updated 15 Aug 2013, 04:04
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Tue, Aug 13, 2013
The Straits Times
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Won over by his diligence
by Lea Wee

When Mr Chen Ben Zhong came to Singapore from Quanzhou in Fujian province in 1994, marriage was the last thing on his mind. The 39-year-old recalls: "I was only 20. I wanted to see the world while I was still young."

Three years later, he met his future wife: Singaporean Isabelle Lim was working in the same electronics company here.

His mechanical engineering degree from Huaqiao University in Quanzhou was not recognised here, so he worked as a technician in the production department. Ms Lim, now 38, was an assistant in the engineering department.

Whenever there were problems with the production line, she had to make a trip to his department. This happened about three times a week.

Asked about her first impression of Mr Chen, she says he was "pretty ordinary, not much different from the other technicians".

But unlike his peers, who would do only what they were told, she noticed that Mr Chen would often take the initiative to find out more. "If there was something wrong with a piece of machinery, he would try to solve the problem. He was also very hardworking," she says.

The couple got to know each other better when they went out with other colleagues about once a week to eat, shop, bowl or watch movies.

She continued to join these outings after she left the company about five months later for a higher-paying job.

One day, in December 1997, Mr Chen took her out alone for a movie and asked if she would be his girlfriend.

It took him a while to pluck up his courage, he says. "I felt that Singaporean girls wouldn't be interested in men from China. I often read in the newspapers that they would go for men with the five Cs." The five Cs stand for cash, car, credit card, condominium and country club membership.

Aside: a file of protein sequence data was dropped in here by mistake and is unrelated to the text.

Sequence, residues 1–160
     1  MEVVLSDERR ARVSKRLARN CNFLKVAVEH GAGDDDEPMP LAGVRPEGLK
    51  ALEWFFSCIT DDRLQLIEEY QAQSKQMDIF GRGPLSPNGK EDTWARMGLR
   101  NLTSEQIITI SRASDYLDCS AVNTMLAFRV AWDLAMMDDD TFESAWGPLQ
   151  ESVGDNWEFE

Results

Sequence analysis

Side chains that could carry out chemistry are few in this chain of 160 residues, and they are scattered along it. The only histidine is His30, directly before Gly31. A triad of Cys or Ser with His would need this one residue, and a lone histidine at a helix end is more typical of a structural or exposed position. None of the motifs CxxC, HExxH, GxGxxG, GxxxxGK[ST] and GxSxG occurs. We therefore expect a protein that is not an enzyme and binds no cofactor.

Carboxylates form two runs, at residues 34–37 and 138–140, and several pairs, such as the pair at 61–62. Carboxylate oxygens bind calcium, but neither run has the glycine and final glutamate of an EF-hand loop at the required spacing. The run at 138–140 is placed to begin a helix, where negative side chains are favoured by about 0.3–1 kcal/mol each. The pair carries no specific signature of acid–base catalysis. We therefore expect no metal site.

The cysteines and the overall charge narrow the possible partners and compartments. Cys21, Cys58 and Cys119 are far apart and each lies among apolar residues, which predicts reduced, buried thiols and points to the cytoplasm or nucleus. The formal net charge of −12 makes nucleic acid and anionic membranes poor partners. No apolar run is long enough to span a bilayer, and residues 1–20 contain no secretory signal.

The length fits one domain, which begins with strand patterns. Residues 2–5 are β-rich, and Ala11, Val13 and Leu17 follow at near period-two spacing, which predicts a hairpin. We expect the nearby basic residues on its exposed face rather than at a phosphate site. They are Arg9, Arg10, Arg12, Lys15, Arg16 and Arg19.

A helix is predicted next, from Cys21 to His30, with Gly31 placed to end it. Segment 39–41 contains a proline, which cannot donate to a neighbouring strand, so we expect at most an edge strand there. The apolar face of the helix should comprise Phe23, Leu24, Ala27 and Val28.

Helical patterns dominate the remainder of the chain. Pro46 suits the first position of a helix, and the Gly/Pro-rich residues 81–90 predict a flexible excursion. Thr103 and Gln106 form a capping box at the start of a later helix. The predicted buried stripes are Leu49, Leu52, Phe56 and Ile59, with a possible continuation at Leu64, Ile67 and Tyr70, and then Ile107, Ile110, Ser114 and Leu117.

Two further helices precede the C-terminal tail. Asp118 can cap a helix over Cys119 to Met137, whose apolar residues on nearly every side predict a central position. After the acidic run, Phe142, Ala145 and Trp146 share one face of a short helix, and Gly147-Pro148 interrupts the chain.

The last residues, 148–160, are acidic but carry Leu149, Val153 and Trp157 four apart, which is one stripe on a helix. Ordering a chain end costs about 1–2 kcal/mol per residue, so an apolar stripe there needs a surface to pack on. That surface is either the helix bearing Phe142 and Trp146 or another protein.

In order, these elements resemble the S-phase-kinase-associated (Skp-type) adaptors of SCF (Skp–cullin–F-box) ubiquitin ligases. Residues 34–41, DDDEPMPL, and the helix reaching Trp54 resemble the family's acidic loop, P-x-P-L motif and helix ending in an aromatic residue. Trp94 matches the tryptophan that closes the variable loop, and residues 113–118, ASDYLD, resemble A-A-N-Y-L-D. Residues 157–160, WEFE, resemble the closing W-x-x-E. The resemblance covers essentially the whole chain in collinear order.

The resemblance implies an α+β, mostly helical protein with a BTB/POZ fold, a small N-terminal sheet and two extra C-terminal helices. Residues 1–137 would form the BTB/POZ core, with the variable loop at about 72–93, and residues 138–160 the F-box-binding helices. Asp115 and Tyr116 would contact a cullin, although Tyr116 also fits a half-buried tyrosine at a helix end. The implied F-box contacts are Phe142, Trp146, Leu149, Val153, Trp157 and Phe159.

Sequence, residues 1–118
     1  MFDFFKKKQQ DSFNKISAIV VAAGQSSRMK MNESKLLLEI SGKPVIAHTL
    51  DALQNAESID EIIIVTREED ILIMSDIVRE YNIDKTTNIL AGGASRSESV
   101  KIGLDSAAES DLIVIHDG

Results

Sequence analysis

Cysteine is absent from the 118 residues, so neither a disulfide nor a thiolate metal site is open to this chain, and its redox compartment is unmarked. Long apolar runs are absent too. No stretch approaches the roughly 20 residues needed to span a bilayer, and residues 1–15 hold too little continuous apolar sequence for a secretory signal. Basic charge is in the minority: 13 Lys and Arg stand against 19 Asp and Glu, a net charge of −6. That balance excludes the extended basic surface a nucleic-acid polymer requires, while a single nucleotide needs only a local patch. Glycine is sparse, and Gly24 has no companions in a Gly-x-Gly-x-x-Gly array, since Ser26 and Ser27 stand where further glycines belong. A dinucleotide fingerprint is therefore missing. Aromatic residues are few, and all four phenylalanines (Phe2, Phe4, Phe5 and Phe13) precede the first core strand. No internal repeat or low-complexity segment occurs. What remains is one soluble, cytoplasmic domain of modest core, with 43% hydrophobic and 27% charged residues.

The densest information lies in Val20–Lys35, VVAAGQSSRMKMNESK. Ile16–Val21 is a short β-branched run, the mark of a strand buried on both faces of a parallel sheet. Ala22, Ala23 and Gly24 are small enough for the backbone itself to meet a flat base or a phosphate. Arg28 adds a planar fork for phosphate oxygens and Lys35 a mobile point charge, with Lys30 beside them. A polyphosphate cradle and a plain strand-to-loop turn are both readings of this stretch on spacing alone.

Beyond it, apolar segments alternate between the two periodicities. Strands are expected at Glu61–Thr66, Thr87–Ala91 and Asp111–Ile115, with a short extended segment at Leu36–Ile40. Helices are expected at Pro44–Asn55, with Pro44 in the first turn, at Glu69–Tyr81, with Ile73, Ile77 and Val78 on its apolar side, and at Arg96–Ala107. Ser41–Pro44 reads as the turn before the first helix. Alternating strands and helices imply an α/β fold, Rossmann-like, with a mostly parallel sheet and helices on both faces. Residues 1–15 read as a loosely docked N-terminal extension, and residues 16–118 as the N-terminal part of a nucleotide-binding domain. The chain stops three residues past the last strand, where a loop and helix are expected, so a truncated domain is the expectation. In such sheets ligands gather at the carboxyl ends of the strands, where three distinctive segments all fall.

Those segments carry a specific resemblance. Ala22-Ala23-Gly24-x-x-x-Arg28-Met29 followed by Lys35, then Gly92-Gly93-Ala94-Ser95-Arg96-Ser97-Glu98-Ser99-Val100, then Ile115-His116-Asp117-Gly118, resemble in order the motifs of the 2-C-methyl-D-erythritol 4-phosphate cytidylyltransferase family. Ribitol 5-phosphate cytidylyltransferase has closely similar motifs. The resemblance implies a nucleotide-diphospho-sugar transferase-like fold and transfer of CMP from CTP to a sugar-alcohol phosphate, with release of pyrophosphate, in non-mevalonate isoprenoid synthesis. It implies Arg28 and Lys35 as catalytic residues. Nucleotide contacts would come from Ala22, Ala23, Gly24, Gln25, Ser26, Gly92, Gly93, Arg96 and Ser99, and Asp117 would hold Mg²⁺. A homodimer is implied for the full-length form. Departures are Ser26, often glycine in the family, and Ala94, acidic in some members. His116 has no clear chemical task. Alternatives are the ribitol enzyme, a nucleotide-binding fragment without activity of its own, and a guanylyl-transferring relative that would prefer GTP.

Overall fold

Ms Lim, who holds a diploma in electronics and, later, a degree in information systems from the Singapore Institute of Management, was earning "a bit more" than him at that time.

But after getting to know her better, he realised that she was not a materialistic person. "She doesn't need to have her meals at expensive restaurants or her clothes to be from expensive brands. I find her to be a simple and sincere person."

He also likes that he can communicate with her in Hokkien, as she grew up speaking Hokkien and Mandarin.

Her grandparents were from Fujian province.

Ms Lim recalls being pleasantly surprised when Mr Chen asked her to be his girlfriend. It was the first relationship for both parties.

She agreed as the attraction was mutual. "I did not mind that he was earning less than me or that his university degree was not recognised here," she says. "What was more important to me was that he was hardworking and willing to do something to improve his lot in life."

He went on to study English and earned a diploma in information technology by studying part-time. Now an associate engineer at an electronics company, he earns "slightly more" than Ms Lim, who is a technical specialist at another electronics company.

She also admires his devotion to his family in China.

"He would give a large part of his salary to them. He built a four-storey house for his parents so that they could stay on the top floor and earn a regular income by renting out the rest of the house," she says. "He also helped his younger brother rebuild his family house in China."

But while Mr Chen's parents had no objections to their relationship, Ms Lim's parents had some reservations initially. Mr Chen was then a non-resident and they were concerned that he would not stay long.

In 2004, after three failed attempts, Mr Chen's application for permanent resident status was finally approved.

Ms Lim, the second of three children, says: "I was so happy. If he did not get his PR by then, I was thinking I might have to go to China to get married and live there."

She was worried about leaving her parents behind and also wondered if she would be able to find work and adapt to life there.

The couple registered their marriage in 2005 and bought a five-room HDB flat in Jurong West. They threw two wedding banquets in 2008, in Quanzhou and Singapore.

They have a son aged 41/2 and a daughter who is turning two in October.

To ensure that his children stay rooted in the Chinese language and culture, he speaks Mandarin to them.

He also takes them to visit his parents in China at least once a year.

His two children are Singaporeans and Mr Chen, who is president of the Singapore Chin Kang Huay Kuan's youth group, hopes he can one day become one too.

"My wife and children are here. This is where home is," he says.

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